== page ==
On more positive notes, fans of the series should find enough to enjoy with Soundtrack Attack: Steven Universe. You get to create your own character (called a Gem?) and you can customize her as you progress. More customization options become available as you complete songs, with better performances earning you more coins to spend on these character altering elements.

There aren’t any power-ups to buy or use during levels. Once you’ve played through a level and heard its song, that’s all there is to it. There’s plenty of levels, mind, though not much to keep you coming back unless you’re after high scores or a perfect run.

In the end Soundtrack Attack: Steven Universe is a well made game even if it is a little basic and a touch too forgiving. This probably suits the younger audience out there, though I know a lot of Steven Universe fans who are well into their 20s. They might want to skip this.


Dots and Co Review

Dots and Co Review

Aug 26, 2016

I often think long and hard about the words I write. It might not seem like it sometimes, but it’s true. I fret over each adjective, hoping that I find the one that really evokes the meaning I’m going for. With Dots and Co I’ve struggled to find the perfect word. I wanted to say ‘nice’, but nice seemed a little bland, a little basic and a touch too simple.

However, Dots and Co is a simple, somewhat bland and basic puzzle game. It’s really nice.

It’s a really stylish looking game full of clean designs and pastel colours. Cute characters and animals place themselves at the top of the screen, acting as your avatar. There’s a good amount of polish to proceedings, with your avatar following your touch across the screen and with blips, blops and pops following every action. There’s also some really… nice ambient music that accompanies everything, filled with chilled out acoustic guitar.dots2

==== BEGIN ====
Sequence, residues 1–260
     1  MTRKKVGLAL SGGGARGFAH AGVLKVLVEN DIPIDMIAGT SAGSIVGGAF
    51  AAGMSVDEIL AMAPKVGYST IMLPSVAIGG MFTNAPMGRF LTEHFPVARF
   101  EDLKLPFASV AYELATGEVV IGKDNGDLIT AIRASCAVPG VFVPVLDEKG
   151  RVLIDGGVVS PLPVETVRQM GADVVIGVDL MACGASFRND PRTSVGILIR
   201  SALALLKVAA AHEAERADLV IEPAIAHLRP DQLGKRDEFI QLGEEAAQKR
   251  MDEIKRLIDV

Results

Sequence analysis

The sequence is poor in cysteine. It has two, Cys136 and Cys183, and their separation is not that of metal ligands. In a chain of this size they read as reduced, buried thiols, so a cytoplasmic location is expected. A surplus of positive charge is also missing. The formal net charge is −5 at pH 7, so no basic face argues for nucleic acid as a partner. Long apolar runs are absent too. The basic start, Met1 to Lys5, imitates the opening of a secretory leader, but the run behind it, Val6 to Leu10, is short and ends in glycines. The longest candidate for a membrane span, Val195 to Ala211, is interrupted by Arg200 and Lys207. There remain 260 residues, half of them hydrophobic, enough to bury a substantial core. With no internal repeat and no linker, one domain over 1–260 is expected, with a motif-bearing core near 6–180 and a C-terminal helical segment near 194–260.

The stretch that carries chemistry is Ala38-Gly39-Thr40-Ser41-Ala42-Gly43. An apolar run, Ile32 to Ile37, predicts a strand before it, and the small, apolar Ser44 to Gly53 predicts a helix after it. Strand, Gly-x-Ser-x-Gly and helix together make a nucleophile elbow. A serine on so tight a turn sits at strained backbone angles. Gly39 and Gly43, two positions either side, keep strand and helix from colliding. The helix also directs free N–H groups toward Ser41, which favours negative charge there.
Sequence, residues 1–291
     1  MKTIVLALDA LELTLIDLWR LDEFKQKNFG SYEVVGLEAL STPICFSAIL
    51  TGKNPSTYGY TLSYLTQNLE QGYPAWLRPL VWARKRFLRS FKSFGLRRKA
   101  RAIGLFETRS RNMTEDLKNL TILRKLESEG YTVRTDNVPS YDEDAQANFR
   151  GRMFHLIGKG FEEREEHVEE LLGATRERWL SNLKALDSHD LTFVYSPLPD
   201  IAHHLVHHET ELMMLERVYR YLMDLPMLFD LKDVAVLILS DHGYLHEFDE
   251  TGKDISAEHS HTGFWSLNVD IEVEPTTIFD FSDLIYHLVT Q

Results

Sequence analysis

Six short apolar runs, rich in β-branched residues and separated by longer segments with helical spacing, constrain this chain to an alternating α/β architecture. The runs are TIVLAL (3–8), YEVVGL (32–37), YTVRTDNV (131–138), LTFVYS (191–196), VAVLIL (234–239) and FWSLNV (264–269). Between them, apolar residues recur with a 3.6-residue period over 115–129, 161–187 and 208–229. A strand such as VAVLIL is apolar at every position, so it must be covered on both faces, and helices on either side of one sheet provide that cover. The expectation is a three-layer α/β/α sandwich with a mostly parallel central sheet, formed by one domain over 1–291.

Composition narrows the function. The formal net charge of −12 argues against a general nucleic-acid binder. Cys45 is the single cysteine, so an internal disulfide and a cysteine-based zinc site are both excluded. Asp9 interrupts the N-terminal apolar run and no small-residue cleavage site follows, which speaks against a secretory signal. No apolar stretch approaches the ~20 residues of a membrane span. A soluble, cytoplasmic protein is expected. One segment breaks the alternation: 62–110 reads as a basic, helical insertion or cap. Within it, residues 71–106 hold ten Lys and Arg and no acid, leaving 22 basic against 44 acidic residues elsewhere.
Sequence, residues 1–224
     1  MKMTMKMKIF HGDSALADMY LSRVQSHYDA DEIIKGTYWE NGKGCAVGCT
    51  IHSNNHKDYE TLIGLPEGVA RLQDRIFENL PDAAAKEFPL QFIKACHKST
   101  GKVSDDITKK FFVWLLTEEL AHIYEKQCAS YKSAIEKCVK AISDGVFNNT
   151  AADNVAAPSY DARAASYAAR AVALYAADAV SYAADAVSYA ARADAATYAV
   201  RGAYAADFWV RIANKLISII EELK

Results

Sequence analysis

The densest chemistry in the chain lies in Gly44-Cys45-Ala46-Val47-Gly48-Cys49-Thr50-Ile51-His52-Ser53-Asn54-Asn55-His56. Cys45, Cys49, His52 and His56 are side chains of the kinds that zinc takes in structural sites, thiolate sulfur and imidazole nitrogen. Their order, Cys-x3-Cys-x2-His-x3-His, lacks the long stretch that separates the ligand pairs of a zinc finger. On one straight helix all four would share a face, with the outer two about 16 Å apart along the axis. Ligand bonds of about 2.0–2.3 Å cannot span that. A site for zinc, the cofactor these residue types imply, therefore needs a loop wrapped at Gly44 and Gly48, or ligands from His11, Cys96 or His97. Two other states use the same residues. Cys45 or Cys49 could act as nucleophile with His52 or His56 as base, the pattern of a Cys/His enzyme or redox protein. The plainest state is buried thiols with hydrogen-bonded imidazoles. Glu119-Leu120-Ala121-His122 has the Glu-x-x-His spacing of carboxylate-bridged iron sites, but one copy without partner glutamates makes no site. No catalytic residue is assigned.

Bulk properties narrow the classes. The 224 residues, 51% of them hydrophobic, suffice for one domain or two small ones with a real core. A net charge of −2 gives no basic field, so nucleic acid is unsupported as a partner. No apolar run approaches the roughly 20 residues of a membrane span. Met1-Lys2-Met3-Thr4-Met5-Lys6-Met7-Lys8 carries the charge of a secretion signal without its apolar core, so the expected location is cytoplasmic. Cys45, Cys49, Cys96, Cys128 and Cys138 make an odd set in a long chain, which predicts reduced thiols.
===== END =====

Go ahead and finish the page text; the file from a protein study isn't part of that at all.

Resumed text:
The game is made up of coloured dots placed on a grid. You need to draw a line between as many dots of the same colour as you can. Drawing a line causes the dots to disappear and more dots fall from the top of the screen to take their place. The challenge is that you need to clear a certain number of certain coloured dots to complete each level.

Adding some difficulty and variety to proceedings is special abilities you’ll pick up as the game progresses, ice blocks that stop you starting a line on certain squares of the grid and the fact that the grid itself will change shape and size from level to level.